On the exterior, they have a beautiful home (bought with an approved bank loan because, according to the 30% home affordability rule of thumb, monthly payments make up less than 30% of their gross income), they drive nice, safe, reliable cars and life is good. They are putting away 7.5% of their income for retirement. They should be able to retire comfortably when they are….. Well, they don’t really know when that is, but since they are contributing and their employer offers 50% matching, I’m sure they are on track to retire eventually.
This story is not uncommon. If you do a quick google search on how many Americans live paycheck to paycheck, you’ll find that the percentages range anywhere from 49% all the way up to over 80%. According to a survey by CareerBuilder, 49% of all Americans live paycheck to paycheck and 10% of people earning over $100k are still living paycheck to paycheck. This isn’t a lower class problem. It affects even Upper-Middle Class earners. In most cases, it’s completely avoidable and comes down to financial education. Education that is not provided in school.
To make matters even worse, discussing personal finance is considered social taboo. So if no one is teaching kids and young adults, and it’s socially inappropriate to speak about finances openly, it’s no wonder that so many of us are losing terribly at life. To top it off, society is awarding this financial negligence. Every time Joe and Rebecca show off their beautiful home and fancy cars and bright kids with their private school education, it’s like bringing home that team trophy. I would argue that they haven’t earned their trophy yet.
But they easily could. They could be on track to retire in just 10 years! Maybe even less if they want to explore some budgeting and investing options. We will revisit Joe and Rebecca in How to Calculate Your Savings Rate – And Why You Need To and see just what changes they can start now to turn their finances around and win that trophy.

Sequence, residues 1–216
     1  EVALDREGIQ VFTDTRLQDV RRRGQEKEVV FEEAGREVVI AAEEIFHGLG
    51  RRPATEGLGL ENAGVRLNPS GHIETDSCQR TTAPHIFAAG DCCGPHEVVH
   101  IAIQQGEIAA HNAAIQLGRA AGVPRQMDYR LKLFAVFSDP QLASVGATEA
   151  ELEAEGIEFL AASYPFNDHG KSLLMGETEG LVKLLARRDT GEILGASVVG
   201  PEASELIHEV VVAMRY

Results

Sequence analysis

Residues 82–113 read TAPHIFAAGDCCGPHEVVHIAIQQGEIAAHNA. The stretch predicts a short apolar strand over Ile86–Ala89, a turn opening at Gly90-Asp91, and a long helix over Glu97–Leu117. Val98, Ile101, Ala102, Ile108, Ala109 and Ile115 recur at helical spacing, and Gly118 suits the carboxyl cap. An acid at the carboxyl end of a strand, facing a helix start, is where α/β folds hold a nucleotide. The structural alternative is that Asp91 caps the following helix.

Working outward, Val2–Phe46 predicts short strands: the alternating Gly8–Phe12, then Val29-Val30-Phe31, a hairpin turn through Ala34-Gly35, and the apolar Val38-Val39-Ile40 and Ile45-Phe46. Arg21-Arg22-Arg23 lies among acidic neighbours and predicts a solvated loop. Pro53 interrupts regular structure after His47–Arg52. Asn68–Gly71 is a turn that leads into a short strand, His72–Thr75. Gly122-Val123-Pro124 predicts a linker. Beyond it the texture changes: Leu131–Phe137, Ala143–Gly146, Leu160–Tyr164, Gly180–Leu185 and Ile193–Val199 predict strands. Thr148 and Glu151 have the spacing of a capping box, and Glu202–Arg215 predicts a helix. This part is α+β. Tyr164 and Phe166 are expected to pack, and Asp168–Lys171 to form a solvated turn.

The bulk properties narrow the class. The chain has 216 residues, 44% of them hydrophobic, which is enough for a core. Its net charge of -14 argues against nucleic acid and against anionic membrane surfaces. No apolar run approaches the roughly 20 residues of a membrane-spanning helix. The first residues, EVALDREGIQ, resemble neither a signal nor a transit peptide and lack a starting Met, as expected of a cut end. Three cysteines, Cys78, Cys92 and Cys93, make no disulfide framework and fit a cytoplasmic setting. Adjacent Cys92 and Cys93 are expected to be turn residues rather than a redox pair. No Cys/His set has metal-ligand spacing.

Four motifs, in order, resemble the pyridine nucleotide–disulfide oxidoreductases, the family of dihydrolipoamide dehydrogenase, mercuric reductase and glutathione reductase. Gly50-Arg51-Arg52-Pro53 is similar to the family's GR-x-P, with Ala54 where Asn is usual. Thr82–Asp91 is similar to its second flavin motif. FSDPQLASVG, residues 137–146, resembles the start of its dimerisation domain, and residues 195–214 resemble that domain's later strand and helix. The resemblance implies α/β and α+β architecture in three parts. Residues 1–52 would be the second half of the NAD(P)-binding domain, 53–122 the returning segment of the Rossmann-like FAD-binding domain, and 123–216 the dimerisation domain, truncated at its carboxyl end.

- Distributing team participation trophies in youth sports is controversial.
- I’d argue that it only sets unrealistic expectations in the future.
- Keeping up with the Joneses is rewarded in our society.
- And yet, keeping up with the Joneses is preventing families from retiring years, or decades, earlier than they otherwise could have.
- This is like taking home the financial participation trophy.
- Overspending should not be rewarded, this only sets the vicious cycle of continuing to spend more and never truly making progress toward retirement.
- Please don’t be like Joe and Rebecca.
- The praise over the fancy new car is not going to fund your golden years.
- Look after your financial education and put in the work to win the real prize, the financial freedom trophy.
While this may feel uncomfortable, reflect on how you felt while reading this post. Did you relate to some of these financial mistakes? Do you often feel the societal pressures of consumerism? The more money we earn throughout life, the more opportunity there is to spend. Take some time and honestly assess areas where you are overspending. Does spending money on these things bring you and your family fulfillment? If not, what are some changes you could make?